So in ~/bin I created a set of script files, each with just one line in them:



ar "$@"



as -arch arm64e "$@"



clang++ --target=arm64e-apple-darwin20 "$@"



clang --target=arm64e-apple-darwin20 "$@"



ld -arch arm64e "$@"



nm -arch arm64e "$@"



/usr/local/Cellar/binutils/2.35.1_1/bin/objcopy "$@"



objdump --mcpu=arm64e "$@"



ranlib "$@"



strip "$@"

And of course make them executable:

chmod 755 ~/bin/arm64e-apple-darwin20-*

Now you should have a working cross-compiler in a GCC style. You just need to ensure that ~/bin is in your path:

export PATH=~/bin/${PATH}

There's one more little caveat though: crosstool-ng has no clue what arm64e is. But that's no problem - a small tweak of a configuration file is all that's needed.

Find the file /usr/local/share/crosstool-ng/scripts/config.sub and look for the line arm64-*) and adjust it so it reads arm64-* | arm64e-*). It's owned by root, so you'll have to use sudo and your favourite terminal-based editor (nano, vi, etc) to edit it:

sudo vi /usr/local/share/crosstool-ng/scripts/config.sub

Now you should be able to do a "Canadian" cross-compilation for arm64-apple-darwin20 using crosstool-ng and it should all work.

Building fat binaries

This is where things get really fun. I know of no way to build fat binaries straight off. Instead what I have found you need to do is make two completely separate compiler trees - one for each architecture. That is, build a cross-compiler for x86_64-apple-darwin20 and another for arm64e-apple-darwin20 side-by-side. Then you need to take each program within that tree and merge them together into fat binaries (with lipo) building up a new, combined, output tree as you go.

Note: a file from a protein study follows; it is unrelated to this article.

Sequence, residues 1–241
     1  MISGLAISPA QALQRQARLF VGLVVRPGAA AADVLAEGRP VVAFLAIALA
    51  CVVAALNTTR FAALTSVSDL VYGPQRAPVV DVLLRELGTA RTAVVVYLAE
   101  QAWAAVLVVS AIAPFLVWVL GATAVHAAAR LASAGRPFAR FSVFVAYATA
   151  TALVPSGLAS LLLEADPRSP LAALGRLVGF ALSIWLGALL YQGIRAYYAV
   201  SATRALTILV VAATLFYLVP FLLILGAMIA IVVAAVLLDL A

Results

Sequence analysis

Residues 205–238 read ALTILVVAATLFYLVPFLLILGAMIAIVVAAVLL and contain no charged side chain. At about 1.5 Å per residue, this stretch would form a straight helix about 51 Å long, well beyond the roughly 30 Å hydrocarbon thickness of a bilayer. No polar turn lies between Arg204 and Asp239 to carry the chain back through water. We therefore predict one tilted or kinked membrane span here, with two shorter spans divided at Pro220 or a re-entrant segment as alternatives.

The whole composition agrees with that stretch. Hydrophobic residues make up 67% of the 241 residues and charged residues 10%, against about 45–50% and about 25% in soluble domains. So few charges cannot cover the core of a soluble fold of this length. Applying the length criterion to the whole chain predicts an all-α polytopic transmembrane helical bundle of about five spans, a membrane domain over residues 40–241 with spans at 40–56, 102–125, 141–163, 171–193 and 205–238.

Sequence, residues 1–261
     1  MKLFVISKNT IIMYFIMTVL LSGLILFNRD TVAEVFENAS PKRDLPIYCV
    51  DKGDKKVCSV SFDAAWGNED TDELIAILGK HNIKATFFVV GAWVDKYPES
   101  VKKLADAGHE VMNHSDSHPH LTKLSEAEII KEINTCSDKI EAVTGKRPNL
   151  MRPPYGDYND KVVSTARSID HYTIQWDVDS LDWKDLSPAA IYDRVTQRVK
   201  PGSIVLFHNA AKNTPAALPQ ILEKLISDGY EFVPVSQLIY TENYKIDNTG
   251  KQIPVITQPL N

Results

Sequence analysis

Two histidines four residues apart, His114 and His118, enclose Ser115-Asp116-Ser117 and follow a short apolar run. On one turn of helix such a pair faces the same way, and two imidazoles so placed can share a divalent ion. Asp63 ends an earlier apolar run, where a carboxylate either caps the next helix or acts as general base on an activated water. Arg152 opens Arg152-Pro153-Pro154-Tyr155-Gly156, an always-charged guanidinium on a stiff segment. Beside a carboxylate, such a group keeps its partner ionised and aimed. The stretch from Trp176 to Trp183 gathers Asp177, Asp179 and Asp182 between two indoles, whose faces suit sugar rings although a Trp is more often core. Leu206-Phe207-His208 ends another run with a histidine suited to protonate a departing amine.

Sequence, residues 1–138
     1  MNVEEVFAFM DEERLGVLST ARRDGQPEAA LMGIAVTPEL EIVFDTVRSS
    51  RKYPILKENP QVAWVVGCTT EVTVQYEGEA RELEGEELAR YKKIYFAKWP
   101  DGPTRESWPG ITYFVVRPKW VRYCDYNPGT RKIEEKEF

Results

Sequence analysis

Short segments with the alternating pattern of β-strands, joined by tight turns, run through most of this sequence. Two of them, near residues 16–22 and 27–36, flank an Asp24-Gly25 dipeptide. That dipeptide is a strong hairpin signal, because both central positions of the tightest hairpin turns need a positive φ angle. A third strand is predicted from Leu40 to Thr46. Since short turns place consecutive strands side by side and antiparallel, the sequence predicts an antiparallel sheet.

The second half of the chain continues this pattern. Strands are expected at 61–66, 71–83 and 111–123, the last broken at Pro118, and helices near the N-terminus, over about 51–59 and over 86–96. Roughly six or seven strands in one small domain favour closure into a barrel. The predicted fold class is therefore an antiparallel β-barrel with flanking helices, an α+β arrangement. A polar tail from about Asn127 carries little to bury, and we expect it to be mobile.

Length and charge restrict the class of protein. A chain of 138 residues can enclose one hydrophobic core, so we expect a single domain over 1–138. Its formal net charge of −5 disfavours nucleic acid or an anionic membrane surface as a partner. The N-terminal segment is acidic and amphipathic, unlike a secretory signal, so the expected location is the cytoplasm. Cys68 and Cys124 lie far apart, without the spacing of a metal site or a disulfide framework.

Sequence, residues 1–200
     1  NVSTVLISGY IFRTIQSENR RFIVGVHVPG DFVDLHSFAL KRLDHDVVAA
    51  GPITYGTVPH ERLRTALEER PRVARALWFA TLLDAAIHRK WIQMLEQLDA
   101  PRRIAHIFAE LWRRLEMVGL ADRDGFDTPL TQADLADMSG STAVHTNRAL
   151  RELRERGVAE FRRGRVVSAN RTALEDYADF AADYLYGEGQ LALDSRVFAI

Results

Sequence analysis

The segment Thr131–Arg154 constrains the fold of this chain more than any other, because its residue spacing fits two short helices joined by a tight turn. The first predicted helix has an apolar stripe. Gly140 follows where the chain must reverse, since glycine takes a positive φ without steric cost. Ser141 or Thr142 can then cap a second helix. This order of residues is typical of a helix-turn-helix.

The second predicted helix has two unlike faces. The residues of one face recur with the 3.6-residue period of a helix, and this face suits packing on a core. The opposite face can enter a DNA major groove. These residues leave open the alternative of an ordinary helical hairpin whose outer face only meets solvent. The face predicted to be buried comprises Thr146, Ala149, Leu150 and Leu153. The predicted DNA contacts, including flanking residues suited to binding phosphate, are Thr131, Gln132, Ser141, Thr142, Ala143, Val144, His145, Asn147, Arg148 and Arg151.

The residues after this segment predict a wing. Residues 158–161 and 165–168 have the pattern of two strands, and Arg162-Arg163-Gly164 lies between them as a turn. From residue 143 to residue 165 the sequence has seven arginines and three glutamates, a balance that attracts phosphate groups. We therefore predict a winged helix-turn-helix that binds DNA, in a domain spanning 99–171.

There is probably some magic Apple tool for doing this, but it's not too hard to write a script to do it.

If you build the two compilers with the same settings you should end up with two trees where the only difference is the executable files. So we can nominate one tree as the "master" and the other as the "secondary" - we scan one tree (I'll use the native x86_64 one) and test what the file is. If it's an x86_64 executable then look for the same file in the secondary tree, then merge the two using lipo into a file in the output tree. If it's not an executable then just copy the file (unless it's a directory where we just make that directory). It would be good to preserve the file permissions too.

So let's have a go. Here's what I've come up with:


# Master tree

# Secondary tree

# Output

mkdir -p ${OUT}

# Scan the primary tree for directories and make them in the output
(cd $SRC && find . -type d) | while read FILE; do
        mkdir -p "${OUT}/${FILE}"
        PERM=$(stat -f "%p" "${SRC}/${FILE}")
        chmod ${PERM} "${OUT}/${FILE}"

# Scan the primary tree for files and make them in the output
(cd $SRC && find . -type f) | while read FILE; do
    TYPE=$(lipo -info "${SRC}/${FILE}" 2>/dev/null)
    if [[ "${TYPE}" == *"is architecture: x86_64"* ]]; then # It's a binary
        echo lipo -create "${SRC}/${FILE}" "${ALT}/${FILE}" -output "${OUT}/${FILE}"
        lipo -create "${SRC}/${FILE}" "${ALT}/${FILE}" -output "${OUT}/${FILE}"
        cp "${SRC}/${FILE}" "${OUT}/${FILE}"
    PERM=$(stat -f %p "${SRC}/${FILE}")
    chmod ${PERM} "${OUT}/${FILE}"

# Scan the primary tree for links and make them in the output
(cd $SRC && find . -type l) | while read FILE; do
    DEST=$(readlink "${SRC}/${FILE}")
    DIR=$(dirname "${FILE}")
    BNAME=$(basename "${FILE}")
        cd "${OUT}/${DIR}"
        ln -s "${DEST}" "${BNAME}"

There's probably a much better way of doing it, but it appears to have worked. All the executables say they're fat with both architectures in them, and they still work on the x86_64 system I can test them on.